I get to the point where I start to think ‘What’s the freakin’ point of you being so concerned about these things, recycling every little scrap of paper, beer bottle top, etc. when so few around you do nothing? Why don’t you just give up and follow the status quo? You’d probably be happier since you wouldn’t be worrying – you’d be blissfully ignorant.’ But I can’t seem to do this. I can’t seem to not care about the environment/sexism/animal welfare. I end up feeling guilty about digressions. And there are so many campaigns about every cause now that I’m inundated with the latest atrocity several times a day via Twitter, Facebook, email, and various news outlets. I can’t escape it.

How do I continue to live by my ethics yet not get all het up when others don’t show the same concern as me when they have the same access as me to things like recycling or public transport? Getting het up just leaves me angry, frustrated, and in despair that things will never improve. And I am very well aware that this causes me mental anguish that will eventually lead, yet again, to a spell of depression. (As I said, I do cut people slack in many ways since I don’t know their whole story — e.g. the woman around the corner that works in the same building as me yet drives into work instead of taking the bus when there are literally dozens of options for her. While yet she complains about having to go in extra early because of traffic and the price of parking her car everyday, she may have very good reasons for driving instead of using public transport.)

I need to find ways to do my bit for the things that are important to me, and not get angry and frustrated with others not practicing the same ethics as me. Any ideas? I guess the first is to unsubscribe from all news feeds on Twitter/Facebook, and see what I can do to manage the emails, and avoid the news on TV/papers/online as best I can. It’s so easy to get sucked into these stories and become enraged, and then have no real outlet for that rage.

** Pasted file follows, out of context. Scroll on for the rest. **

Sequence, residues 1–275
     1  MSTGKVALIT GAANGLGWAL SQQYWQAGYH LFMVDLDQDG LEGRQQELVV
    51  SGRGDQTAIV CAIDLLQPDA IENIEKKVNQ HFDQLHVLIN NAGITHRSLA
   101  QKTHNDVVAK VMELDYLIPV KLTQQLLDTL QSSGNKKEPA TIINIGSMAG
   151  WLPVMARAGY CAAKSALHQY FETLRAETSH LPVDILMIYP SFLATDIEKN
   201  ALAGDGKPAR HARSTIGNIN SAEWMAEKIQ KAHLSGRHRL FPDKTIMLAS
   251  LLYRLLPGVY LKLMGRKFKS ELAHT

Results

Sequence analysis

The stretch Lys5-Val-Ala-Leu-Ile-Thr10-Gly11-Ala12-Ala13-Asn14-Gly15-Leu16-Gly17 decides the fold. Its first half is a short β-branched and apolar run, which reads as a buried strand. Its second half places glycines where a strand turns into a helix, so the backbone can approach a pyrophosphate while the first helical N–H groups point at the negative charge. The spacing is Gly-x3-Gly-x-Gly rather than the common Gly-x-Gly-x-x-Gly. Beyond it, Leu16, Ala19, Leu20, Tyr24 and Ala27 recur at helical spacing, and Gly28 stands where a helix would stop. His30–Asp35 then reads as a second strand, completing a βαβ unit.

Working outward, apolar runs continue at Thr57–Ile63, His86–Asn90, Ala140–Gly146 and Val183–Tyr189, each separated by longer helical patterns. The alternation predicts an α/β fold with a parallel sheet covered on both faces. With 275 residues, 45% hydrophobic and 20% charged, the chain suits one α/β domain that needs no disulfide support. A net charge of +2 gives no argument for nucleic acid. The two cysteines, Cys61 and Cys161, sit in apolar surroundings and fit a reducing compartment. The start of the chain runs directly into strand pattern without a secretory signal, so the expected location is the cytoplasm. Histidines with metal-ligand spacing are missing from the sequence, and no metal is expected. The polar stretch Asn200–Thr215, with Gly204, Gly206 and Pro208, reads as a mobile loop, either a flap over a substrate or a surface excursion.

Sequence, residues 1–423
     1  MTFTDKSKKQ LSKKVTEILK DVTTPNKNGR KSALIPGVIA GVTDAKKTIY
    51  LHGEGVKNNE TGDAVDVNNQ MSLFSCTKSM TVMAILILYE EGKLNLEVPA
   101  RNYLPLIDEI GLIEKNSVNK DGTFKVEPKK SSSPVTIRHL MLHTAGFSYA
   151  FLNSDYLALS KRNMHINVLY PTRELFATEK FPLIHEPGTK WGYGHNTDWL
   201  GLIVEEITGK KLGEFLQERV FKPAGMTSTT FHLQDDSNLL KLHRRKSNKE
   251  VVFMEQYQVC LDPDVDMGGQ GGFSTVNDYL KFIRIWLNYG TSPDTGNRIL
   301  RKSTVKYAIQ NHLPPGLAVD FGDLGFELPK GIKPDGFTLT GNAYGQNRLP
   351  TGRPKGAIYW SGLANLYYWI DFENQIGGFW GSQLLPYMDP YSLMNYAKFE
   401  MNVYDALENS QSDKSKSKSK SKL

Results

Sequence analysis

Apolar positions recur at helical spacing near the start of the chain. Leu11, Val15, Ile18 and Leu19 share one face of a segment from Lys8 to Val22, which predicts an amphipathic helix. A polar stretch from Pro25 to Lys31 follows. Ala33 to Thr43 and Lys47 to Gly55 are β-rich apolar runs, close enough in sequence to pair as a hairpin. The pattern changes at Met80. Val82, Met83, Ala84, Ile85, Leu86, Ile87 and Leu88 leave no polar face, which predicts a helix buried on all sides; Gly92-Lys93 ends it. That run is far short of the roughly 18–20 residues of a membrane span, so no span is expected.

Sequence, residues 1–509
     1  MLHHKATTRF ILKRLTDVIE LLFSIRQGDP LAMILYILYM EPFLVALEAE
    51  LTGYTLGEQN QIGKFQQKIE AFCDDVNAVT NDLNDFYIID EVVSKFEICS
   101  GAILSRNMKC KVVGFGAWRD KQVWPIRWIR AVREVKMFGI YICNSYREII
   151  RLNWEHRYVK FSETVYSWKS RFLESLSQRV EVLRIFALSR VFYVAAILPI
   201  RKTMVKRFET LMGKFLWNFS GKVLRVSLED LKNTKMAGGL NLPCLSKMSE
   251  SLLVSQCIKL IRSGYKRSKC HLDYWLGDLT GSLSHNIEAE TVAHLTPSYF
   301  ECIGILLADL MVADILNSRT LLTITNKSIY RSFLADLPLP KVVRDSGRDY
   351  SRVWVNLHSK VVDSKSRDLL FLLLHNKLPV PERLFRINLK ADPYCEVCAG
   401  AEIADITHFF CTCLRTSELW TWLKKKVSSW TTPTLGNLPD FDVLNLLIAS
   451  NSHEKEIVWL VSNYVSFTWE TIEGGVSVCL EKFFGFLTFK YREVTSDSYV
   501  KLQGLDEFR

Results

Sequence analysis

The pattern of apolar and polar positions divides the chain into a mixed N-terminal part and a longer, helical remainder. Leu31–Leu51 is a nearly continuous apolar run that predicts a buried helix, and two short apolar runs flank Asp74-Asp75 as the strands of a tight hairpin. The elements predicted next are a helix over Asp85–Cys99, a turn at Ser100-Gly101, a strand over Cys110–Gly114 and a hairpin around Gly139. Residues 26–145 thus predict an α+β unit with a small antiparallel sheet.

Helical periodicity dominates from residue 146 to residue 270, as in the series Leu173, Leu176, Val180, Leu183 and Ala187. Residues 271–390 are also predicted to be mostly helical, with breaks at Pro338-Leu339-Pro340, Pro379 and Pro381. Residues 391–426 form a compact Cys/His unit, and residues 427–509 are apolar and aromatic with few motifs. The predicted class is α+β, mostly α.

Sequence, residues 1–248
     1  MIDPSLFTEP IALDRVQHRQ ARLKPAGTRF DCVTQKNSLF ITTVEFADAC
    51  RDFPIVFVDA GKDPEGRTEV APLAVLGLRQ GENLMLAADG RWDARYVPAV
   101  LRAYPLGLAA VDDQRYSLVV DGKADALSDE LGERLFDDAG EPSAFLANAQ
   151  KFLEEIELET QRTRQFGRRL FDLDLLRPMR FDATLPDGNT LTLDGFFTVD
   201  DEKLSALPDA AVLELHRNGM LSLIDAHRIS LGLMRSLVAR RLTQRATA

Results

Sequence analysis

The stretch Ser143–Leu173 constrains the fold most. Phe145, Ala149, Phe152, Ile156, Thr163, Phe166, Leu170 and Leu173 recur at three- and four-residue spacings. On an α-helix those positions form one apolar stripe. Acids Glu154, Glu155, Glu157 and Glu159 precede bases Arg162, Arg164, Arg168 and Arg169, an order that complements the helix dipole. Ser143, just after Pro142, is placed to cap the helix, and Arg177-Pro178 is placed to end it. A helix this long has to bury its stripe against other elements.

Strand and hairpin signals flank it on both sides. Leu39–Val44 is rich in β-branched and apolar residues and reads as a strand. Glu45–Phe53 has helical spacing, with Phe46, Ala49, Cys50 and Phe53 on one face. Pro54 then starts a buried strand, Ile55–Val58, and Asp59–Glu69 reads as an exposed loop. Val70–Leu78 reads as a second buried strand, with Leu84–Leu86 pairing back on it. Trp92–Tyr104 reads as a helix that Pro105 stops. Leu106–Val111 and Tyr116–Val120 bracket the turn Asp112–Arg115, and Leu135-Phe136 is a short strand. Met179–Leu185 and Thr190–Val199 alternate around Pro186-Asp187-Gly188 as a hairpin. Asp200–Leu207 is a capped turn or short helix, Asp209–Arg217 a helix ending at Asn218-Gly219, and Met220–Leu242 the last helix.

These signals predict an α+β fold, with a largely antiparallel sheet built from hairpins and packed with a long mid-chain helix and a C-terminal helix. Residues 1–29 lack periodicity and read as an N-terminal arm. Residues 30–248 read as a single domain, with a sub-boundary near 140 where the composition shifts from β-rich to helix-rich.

I could go on in a rambling sort of way as I have, but I’ll end here. If you’ve any ideas on what I can do to keep myself living my ethics, but also not feeling guilty  if they slip or I can’t keep up with them, then please let me know!


Mental Health Awareness Week: Why is awareness so important?


I’m not sure if you’re aware, but this week is Mental Health Awareness Week. For those who spend much time around me, this must sound rather exhausting. Barely a week goes by where I don’t moan about my symptoms, complain about stigma, or behave in a generally ‘mental’ way. Rather than another week of raising awareness, I suspect many of my friends would prefer a Mental Health Ignorance Week. Where I’d be induced into a state of quiet normalness, and the rest of the world could continue… Well… pretty much as normal.

"Ignorance is bliss" “Ignorance is bliss” (This is one of my favourite pictures on the internet – I don’t know the original source)

And – if I’m fair – I’d have sympathy. For a start, I know how boring I can get when I feel motivated to speak. It’s like a terrible episode of Question Time, where the most annoying…

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Dark thoughts: why mental illness is on the rise in academia

Dark thoughts: why mental illness is on the rise in academia